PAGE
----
Cheese is always a good start. This time I tried a new cheese shop, Andrew’s Cheese Shop. This is closer than my usual haunt, the The Cheese Store of Beverly Hills. Andrew’s isn’t as big, but they had plenty of choices, and they were extremely friendly.

I put together a little foursome. Epoisses on the left (gooey washed rind fun), a fantastic goat, Monte Enebro, a nice rich nutty dutch cheese on the left (tasted halfway between a Gouda and Parmesan) and on the bottom, Stichelton, a beautiful rich English blue cheese.

Condiments. Marcona almonds, quince paste (the orange jelly stuff), Spanish olives, and accacia honey from Abruzzo.

The carbohydrates. Traditional french baguette, cranberry nut crisps, and olive oil cracker sticks. All from Andrew’s, and all excellent.

We also made these puff pastries from scratch. Stuffed with egg, cheese, and spinach. Basically little puff-Spanakopita.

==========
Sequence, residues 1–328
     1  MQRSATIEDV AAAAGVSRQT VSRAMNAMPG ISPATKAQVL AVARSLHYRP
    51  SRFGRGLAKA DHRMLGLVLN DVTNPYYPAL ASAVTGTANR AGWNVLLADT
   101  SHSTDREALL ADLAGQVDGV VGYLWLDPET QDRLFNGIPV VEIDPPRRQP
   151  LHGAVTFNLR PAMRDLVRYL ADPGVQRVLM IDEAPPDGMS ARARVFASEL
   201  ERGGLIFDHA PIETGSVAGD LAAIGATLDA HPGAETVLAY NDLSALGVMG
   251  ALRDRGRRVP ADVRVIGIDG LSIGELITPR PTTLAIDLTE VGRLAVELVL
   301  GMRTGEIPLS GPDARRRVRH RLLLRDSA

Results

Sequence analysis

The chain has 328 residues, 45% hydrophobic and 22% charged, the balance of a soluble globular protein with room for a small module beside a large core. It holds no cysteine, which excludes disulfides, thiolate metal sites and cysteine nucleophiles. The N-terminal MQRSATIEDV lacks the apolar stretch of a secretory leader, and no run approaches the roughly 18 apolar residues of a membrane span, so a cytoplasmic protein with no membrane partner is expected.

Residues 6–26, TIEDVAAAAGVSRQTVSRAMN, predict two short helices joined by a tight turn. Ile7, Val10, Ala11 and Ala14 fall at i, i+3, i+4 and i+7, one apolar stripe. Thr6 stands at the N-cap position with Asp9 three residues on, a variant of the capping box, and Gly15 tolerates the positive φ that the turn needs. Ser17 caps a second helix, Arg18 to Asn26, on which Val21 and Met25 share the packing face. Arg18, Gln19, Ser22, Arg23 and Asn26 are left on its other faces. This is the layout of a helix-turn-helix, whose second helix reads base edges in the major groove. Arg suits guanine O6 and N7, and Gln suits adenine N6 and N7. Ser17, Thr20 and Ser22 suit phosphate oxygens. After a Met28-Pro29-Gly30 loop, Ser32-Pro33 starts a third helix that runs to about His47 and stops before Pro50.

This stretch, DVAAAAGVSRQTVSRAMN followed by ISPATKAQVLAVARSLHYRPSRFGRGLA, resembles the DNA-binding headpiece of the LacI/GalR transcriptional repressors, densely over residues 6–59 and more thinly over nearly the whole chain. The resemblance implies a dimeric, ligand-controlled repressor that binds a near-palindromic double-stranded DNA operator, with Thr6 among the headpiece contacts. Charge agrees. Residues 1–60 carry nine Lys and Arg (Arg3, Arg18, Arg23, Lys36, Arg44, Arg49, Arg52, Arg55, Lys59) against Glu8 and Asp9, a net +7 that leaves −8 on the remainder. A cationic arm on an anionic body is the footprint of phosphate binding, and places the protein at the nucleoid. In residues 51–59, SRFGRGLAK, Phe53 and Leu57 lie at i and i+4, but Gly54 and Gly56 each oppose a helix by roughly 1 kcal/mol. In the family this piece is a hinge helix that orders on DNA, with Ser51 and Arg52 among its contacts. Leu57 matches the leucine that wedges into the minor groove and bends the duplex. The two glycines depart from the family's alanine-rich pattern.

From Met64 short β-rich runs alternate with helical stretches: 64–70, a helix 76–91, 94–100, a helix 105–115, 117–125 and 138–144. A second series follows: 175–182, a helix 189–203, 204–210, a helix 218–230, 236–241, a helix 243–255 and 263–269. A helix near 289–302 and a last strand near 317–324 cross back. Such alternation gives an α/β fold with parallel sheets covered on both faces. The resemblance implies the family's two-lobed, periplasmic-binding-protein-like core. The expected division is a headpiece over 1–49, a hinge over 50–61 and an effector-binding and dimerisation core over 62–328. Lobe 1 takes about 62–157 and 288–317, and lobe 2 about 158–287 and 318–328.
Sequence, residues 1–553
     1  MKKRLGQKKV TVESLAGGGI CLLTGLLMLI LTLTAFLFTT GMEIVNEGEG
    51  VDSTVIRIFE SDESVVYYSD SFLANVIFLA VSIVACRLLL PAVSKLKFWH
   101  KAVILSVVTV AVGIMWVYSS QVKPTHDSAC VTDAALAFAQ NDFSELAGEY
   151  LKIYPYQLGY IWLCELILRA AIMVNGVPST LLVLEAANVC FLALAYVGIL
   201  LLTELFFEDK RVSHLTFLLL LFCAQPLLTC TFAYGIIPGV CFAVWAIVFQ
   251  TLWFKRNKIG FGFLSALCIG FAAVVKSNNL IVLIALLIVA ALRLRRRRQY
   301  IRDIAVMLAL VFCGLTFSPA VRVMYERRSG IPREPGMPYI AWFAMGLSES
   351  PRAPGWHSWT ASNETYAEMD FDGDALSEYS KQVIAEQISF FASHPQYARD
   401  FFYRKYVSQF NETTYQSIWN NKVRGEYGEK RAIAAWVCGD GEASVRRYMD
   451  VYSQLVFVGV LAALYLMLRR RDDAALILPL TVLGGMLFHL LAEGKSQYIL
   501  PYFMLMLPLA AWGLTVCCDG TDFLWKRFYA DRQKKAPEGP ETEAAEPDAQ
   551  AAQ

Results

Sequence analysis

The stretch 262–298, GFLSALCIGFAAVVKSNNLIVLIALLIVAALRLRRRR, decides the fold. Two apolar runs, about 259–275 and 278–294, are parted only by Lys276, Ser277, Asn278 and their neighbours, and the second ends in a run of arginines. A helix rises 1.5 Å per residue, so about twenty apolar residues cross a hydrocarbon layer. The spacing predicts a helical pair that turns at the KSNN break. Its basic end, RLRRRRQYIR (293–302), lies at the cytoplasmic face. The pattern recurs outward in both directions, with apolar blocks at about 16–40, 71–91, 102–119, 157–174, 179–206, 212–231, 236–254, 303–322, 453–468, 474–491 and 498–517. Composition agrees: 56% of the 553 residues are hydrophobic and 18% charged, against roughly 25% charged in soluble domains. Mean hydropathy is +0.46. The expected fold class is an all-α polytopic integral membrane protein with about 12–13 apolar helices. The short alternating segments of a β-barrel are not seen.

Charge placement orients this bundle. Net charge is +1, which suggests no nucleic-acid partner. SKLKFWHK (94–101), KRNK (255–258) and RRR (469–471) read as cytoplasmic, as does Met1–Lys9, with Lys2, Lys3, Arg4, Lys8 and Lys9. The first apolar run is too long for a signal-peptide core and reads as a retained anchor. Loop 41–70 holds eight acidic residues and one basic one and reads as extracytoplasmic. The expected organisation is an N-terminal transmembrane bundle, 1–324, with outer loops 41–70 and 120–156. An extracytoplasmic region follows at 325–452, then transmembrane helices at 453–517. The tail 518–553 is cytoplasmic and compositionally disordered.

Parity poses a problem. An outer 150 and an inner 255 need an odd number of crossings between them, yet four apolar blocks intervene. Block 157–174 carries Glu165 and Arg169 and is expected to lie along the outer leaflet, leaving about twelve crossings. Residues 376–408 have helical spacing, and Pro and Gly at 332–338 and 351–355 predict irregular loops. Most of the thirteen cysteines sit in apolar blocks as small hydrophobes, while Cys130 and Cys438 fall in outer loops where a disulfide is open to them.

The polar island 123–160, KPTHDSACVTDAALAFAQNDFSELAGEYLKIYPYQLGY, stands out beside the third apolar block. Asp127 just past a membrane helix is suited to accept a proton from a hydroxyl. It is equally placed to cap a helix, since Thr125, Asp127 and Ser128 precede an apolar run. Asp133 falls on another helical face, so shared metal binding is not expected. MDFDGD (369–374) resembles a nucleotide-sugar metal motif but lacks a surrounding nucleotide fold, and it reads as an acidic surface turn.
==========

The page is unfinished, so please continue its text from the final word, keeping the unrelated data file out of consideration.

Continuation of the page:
What would all that cheese and bread be without some wine?

On the left a fantastic Burgundy, Parker gives it 92, but I’d give it more like a 94. “The 2003 Clos Vougeot explodes from the glass with licorice, dark cherries, and a myriad of spices. A wine of considerable depth, it is packed with suave black fruits immersed in chocolate. Well-structured, ripe, and exceptionally long, it will merit a higher score if its alcoholic warmth is absorbed into the wine with time (something that sometimes occurs with Pinot Noirs). Projected maturity: 2008-2017.”

On the right, earning 90 points (and again I’d give it more), “The 2006 Fonsalette Cotes du Rhone exhibits meaty, herbal, tapenade, pepper, animal fur, and damp earth-like notes. It is soft, round, lush, and best consumed over the next 10+ years.”